Emotional Intelligence | Stevehein.com


Some of my interactions with kids


(These are mostly stories from my old personal journal when I first started to realize the importance of parenting and of how we treat children. S. Hein)


# of

A surprise encounter - Building uniqueness 340
JW - a story of a pre-schooler who I bonded with, then who was emotionally abused by his teacher. 3,500
Laura and the silverware 400
Building trust with a basketball 200
At the barbers - watching a child get invalidated 650
Why children like me - Part 1  


July 1999

A surprise encounter

While camping one day I was on my way to take a shower when I had a short interaction with a little girl outside the building. She walked up while I was locking my bike. We were both a bit surprised to see each other appear from around the corner. I said "hi" to her, and she said "hi" back quietly. I asked, "Did you get wet when it rained?"


She then asked, "Why don't you have your shirt on?" I said, "Because I was hot and I am on my way to take a shower." Then I asked her, "What about you, are you hot?"


Then she walked away. I saw a trace of fear in her face as we encountered each other. More fear than just surprise. Then the fear or cautiousness remained as we spoke, something very unusual for a child of her age. And I wonder now why her first concern was why I wasn't wearing a shirt. She didn't seem to ask it in a curious way, but more in a judgmental way, as if she had already learned rigid rules of social conformity. But I mostly wanted to write about this little interaction to point out the way in which I spoke to her, because I believe it is important how we speak to children each time we encounter them.

When she asked why I didn't have a shirt, I could have responded, "Because it's hot out." In fact, I almost did respond this way. But instead I said, "Because I am hot." I wanted to make it clear it was my perception, my experience. I didn't want to make a global statement and sound like a voice of authority on what "hot" was.

I then asked for her perception, wanting to help her believe that it mattered; to help her feel important and encourage a sense of her own uniqueness. I also wanted to help her get used to expressing herself, even when her perception differed from an adult's. It was a small interaction, but I believe these little interactions add up.


Building Trust With a Basketball

One day I found myself in a primary school at lunch time. The kids ate lunch in the gym. Before the kids came in I was shooting baskets. When the first group of children came in I passed the basketball to the first two or three as they walked by. I was a little afraid I might have started something which would get out of control, but I wanted to show my trust in them. I silently signalled to the first one that I was going to throw the ball to her just before I let it go. I wasn't sure if she would catch it. But she did and passed it right back. The next two children also did so flawlessly.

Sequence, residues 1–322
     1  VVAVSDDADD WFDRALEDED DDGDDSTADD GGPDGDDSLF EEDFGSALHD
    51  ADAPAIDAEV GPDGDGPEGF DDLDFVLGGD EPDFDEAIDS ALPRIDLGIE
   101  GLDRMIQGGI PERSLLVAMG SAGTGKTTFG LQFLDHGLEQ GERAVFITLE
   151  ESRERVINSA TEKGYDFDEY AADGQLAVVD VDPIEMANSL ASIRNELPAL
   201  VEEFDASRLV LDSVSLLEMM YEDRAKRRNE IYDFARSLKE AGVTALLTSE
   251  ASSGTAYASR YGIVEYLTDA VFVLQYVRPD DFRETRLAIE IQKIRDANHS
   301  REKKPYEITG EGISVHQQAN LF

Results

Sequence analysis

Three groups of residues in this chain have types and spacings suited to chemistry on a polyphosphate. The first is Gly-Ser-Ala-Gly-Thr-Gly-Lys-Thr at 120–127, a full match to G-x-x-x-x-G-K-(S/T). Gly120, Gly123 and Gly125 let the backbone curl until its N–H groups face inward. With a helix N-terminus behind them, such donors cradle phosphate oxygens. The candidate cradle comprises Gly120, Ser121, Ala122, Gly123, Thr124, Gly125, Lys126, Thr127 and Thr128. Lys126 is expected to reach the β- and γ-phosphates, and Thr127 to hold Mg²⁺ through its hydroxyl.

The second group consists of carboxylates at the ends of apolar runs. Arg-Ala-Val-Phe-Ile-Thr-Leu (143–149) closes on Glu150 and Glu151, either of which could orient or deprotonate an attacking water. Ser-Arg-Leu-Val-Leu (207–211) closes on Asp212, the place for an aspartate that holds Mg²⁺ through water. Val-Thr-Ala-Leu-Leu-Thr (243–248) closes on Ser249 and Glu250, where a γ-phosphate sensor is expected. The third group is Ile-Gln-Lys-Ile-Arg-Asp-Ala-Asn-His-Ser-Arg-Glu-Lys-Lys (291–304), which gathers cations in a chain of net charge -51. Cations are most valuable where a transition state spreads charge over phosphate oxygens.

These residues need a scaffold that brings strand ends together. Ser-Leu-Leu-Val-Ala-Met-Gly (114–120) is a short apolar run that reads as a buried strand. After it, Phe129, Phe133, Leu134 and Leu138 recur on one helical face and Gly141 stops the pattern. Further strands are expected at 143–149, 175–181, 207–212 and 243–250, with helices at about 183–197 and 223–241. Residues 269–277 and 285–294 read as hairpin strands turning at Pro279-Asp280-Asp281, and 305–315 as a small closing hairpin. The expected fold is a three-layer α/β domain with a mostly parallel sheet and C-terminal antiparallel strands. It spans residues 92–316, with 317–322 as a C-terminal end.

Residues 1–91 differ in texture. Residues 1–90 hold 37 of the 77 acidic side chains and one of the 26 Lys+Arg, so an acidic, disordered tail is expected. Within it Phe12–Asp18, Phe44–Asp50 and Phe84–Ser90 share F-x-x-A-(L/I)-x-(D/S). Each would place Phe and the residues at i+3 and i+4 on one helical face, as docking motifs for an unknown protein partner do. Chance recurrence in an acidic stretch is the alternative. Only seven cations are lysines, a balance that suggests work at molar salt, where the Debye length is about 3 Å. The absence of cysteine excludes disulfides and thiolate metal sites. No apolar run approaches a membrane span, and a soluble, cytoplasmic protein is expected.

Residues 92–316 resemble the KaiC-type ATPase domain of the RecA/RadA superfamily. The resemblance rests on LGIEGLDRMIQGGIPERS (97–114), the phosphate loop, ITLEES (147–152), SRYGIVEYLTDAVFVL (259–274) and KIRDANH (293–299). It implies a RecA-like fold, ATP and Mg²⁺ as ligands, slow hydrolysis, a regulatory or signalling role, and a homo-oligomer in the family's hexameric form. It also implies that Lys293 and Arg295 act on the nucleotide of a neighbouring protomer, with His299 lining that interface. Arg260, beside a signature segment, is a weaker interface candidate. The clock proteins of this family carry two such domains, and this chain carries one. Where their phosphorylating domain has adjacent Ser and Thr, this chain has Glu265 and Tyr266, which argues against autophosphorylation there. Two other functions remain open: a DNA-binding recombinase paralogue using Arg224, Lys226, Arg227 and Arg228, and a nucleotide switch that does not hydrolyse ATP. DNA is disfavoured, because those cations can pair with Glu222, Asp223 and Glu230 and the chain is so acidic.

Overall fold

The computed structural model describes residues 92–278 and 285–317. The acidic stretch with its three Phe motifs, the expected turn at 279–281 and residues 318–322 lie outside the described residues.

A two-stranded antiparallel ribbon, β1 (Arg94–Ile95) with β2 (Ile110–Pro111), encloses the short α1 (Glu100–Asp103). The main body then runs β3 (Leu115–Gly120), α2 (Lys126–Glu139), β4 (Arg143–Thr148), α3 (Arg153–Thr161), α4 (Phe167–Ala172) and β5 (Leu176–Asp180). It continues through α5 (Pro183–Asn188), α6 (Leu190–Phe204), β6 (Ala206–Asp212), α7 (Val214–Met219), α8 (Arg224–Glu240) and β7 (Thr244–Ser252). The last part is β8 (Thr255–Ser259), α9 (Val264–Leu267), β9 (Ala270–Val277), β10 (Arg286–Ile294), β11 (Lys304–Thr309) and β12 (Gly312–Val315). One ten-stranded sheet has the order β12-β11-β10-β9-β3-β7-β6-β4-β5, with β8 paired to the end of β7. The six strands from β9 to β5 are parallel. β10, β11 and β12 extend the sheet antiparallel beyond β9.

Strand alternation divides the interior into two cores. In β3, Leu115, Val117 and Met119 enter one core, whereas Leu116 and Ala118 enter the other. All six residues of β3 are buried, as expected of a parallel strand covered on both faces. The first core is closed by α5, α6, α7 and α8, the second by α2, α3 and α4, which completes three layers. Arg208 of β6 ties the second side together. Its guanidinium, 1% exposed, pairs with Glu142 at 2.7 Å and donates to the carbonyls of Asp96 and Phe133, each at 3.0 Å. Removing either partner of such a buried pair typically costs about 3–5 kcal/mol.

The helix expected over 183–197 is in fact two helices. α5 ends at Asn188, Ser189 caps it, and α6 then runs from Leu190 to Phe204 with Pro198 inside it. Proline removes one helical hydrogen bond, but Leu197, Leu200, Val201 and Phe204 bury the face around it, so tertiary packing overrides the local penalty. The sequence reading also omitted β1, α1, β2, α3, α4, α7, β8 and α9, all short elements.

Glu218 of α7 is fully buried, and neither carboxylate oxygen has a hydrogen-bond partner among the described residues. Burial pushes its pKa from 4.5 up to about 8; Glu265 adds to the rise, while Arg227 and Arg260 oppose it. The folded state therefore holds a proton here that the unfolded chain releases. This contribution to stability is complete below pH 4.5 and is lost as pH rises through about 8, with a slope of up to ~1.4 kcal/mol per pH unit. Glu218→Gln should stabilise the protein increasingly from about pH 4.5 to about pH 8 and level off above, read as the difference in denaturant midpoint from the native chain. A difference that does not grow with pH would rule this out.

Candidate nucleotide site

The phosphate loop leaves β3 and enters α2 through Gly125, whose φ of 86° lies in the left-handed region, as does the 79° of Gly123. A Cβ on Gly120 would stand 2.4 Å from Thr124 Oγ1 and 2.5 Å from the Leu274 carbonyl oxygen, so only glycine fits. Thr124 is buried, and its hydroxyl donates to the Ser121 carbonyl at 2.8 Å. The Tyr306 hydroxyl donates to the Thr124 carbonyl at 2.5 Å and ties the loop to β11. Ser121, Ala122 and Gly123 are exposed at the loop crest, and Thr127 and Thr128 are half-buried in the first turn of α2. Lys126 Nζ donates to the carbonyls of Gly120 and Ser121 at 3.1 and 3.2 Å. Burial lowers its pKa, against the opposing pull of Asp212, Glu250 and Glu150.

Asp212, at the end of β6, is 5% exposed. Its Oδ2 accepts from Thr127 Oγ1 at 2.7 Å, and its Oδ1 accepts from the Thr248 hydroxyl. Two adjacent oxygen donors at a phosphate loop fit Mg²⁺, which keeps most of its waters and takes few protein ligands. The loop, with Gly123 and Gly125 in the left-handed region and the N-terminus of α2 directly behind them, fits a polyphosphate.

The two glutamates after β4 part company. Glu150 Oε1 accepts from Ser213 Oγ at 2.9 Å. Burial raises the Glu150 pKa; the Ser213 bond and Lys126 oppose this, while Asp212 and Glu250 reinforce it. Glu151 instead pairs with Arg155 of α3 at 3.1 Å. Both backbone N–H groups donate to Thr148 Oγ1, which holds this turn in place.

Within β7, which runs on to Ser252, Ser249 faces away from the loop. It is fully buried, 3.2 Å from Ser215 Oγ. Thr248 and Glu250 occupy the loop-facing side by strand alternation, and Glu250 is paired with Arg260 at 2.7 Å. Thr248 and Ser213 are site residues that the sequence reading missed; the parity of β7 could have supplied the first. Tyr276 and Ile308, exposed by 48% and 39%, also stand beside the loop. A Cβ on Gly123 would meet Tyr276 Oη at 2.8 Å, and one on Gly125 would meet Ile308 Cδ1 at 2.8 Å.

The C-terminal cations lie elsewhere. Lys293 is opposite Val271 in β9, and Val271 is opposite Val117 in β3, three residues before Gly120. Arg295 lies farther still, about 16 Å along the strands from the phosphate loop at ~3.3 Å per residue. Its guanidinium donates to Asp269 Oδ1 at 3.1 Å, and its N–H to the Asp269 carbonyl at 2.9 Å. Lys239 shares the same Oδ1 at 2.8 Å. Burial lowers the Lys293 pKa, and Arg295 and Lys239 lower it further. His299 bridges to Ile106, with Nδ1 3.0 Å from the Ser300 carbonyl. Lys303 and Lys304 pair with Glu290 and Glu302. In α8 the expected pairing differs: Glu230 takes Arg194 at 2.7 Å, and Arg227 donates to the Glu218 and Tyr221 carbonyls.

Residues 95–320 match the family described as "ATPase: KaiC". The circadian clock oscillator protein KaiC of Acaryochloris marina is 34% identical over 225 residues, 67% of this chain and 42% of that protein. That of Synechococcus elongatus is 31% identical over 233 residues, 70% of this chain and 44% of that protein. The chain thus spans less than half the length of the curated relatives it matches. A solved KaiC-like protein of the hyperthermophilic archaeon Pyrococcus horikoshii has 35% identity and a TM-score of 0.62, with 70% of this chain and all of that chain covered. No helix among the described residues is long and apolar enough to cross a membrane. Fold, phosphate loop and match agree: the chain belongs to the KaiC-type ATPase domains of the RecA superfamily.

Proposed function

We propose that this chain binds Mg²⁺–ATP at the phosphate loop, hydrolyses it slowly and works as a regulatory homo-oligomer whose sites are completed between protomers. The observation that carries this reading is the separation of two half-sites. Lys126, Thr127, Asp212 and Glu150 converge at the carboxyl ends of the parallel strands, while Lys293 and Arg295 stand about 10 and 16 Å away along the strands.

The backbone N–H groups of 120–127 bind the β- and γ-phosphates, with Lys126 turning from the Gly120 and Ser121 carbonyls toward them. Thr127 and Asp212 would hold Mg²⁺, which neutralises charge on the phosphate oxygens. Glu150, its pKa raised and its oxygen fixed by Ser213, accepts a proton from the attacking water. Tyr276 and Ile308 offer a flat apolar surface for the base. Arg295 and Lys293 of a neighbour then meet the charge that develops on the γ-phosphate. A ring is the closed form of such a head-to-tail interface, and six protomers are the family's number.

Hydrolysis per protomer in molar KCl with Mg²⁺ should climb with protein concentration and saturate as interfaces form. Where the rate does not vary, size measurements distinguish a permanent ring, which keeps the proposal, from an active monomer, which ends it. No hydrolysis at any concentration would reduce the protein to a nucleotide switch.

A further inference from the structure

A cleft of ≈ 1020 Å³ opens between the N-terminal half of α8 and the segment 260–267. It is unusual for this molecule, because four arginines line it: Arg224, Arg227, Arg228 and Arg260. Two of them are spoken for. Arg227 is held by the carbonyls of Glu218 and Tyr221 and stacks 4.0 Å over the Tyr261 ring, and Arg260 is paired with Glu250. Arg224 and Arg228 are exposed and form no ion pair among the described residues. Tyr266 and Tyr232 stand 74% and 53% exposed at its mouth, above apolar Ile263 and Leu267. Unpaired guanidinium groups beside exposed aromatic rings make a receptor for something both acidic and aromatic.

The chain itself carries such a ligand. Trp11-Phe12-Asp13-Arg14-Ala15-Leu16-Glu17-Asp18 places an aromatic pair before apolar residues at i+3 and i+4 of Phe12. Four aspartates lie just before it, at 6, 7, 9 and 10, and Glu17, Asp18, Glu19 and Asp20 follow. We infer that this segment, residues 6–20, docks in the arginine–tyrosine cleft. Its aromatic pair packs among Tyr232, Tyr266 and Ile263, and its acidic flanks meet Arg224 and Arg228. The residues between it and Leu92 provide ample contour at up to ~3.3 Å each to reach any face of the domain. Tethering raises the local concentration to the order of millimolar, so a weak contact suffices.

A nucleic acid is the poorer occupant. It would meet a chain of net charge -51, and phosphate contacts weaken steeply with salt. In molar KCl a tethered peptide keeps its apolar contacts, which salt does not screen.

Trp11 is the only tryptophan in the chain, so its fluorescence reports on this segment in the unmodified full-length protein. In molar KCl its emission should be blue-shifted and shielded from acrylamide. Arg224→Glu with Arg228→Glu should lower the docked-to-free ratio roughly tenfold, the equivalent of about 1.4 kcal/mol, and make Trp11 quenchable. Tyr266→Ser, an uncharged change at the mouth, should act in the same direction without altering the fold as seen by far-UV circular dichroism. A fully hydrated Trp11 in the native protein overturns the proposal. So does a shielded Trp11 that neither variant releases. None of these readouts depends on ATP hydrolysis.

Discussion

Later a line formed as the kids waited to get their food. I silently bounced the ball to one of the boys. Again I was a little afraid. My fear was that he might throw it across the room or run away with it. But I trusted the child and my instincts. He caught it and bounced it right back with a look of pride. I did this with the next child, who again bounced it back. The next one dropped the ball. I silently picked it up and gave her a second chance to help rebuild her self-confidence. She caught it this time and bounced it back to me. I smiled and so did she.

(This was taken from Notes from a day in an elementary school in the USA)

October 1999

At the barber - This is almost exactly as I wrote this true story in my journal, with minor editiong.

At barbers yesterday:

Mother and barber were invalidating a child. Telling him "don't be scared, it doesn't hurt."

Boy: Yes it does!

Mother: No it doesn't, you are fibbing, stop telling tales.

The more they invalidated him, the more he protested. She held his head in place while she invalidated him and kept ordering to sit still. The barber tried to distract him and talk him out of his feelings. They said he was going to look handsome, like a big boy, etc. They sounded so fake, so phoney.